Pancreatic secretion in the rat was stimulated in vivo by pilocarpine injection causing 90% of the storage granules to be discharged within 2 h. Incubation in vitro with [14C]sorbitol indicated that maximal ingestion of this extracellular space marker occurred 3 h after secretogogue injection. Morphological cell membrane measurements on cells with stimulated secretion revealed a simultaneous decrease in amount of membrane bordering the microvilli at the cell apex, lamellar processes, and infoldings present at the latero-basal face of these cells. In 3-h stimulated cells, having the average zymogen granule content characteristic for that phase of secretion, ferritin treatment in vitro showed that the infoldings and related fragmentation vesicles had ingested ferritin and could consequently be considered as being transport vehicles for redundant cell membrane. During stimulated secretion numerous vesicles and vacuoles appeared in the apical cytoplasm. Part of these structures were postulated to be related to the Golgi complex and were discussed in relation to secretory protein transport. Another part of these structures was assumed to have an endocytotic nature, although they never contained ferritin.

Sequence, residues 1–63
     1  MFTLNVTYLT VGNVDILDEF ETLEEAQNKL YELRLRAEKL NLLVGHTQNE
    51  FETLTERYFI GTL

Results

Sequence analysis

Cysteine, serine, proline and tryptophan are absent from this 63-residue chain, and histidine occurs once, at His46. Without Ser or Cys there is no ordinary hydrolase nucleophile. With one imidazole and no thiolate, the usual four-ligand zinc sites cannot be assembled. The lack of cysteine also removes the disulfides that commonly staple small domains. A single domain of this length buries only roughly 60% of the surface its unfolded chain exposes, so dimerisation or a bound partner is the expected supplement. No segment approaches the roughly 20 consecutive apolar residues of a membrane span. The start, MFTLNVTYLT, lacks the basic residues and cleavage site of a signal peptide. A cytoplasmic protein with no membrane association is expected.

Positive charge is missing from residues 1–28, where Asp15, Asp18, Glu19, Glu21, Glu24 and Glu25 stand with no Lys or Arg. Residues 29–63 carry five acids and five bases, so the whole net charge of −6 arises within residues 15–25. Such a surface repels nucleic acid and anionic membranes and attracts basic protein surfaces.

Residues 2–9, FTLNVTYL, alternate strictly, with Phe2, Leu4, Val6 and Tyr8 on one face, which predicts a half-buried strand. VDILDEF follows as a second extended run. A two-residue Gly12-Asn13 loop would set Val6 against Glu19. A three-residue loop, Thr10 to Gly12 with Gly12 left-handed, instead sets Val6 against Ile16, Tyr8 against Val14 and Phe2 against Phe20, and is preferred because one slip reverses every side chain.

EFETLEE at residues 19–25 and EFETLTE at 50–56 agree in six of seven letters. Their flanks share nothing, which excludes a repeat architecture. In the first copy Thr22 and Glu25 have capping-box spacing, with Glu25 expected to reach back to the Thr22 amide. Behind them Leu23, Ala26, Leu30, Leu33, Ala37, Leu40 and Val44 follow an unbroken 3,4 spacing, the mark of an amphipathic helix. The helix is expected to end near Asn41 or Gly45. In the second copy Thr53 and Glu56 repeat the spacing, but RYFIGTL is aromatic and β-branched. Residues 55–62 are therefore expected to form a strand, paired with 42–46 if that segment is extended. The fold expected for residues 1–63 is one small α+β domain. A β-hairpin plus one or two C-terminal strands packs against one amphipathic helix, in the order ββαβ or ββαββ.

This content is only available as a PDF.